If anyone's corrosive, it's Rove

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The news media, under heavy fire these days, have found a critic who deserves contempt for his words of derision.

Of all people, Karl Rove, the president's political wizard, thinks the press has been "corrosive" for government. Rove used the word in a speech to a small group of graduate students in political science at George Washington University.

Look in the mirror, Karl. You will see the real corrosive impact on the system.

Rove stands at the head of the class as a political manipulator who will do or say anything to win. Rove's career, modeled after the late Lee Atwater, figures anything is fair game in a campaign. Destruction of an opponent's reputation comes with the territory.

Rove knows the press is an easy target when his No. 1 client is in trouble. The president couldn't be in much deeper trouble, as reflected in all the recent polls.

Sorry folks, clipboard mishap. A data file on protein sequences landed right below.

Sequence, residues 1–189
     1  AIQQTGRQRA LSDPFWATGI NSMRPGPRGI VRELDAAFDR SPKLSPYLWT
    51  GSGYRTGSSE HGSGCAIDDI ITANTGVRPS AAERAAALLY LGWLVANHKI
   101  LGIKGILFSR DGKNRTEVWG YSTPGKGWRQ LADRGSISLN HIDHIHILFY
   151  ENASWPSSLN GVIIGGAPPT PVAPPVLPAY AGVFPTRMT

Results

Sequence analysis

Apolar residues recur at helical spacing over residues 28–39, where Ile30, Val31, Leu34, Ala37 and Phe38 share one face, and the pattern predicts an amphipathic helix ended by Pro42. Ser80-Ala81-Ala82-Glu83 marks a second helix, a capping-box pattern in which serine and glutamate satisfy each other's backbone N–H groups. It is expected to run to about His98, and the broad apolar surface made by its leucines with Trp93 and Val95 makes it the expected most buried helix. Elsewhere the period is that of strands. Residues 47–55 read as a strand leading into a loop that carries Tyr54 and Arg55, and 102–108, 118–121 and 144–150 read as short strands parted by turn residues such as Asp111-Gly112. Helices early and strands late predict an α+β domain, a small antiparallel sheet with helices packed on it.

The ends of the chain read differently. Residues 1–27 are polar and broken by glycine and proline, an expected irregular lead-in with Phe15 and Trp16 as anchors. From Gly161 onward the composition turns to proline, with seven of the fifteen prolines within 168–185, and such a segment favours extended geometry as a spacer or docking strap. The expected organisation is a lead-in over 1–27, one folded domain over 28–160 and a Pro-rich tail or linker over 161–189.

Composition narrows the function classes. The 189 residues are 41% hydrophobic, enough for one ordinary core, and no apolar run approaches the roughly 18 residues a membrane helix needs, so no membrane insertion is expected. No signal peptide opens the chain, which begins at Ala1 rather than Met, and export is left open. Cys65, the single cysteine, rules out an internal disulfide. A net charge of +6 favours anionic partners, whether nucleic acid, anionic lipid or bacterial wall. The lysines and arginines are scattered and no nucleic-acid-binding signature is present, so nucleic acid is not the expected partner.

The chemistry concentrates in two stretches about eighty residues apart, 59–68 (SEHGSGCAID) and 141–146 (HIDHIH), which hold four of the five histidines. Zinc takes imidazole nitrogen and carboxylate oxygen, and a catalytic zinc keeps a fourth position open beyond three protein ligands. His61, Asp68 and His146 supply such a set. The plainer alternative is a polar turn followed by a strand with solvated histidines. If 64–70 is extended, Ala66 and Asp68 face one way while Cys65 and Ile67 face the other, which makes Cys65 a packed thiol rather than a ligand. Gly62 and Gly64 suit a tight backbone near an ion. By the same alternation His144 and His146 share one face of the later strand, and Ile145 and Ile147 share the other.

For too many years, highly paid political consultants have played too large a role in presidential and high-profile Senate campaigns. Democrats are not immune, as campaigns have become a cesspool of negative campaigning.

However, Rove is the epitome of what's gone wrong. He wants to win and squash his opponent in the process. Ask Ann Richards, John McCain, or John Kerry.

Two Texas reporters wrote about Rove's early campaigns in the book titled Bush's Brain. He hated it because it pinned him down on his ethics.

As a retired reporter, I recognize the media have a hill to climb to regain some lost credibility in episodes we'd like to forget.

But we don't need a gunslinger like Karl Rove to act as a press critic. In fact, keep it up, Mr. Rove. The voters will recognize that you are merely trying to change the subject as Bush stumbles along in a dreadful second term.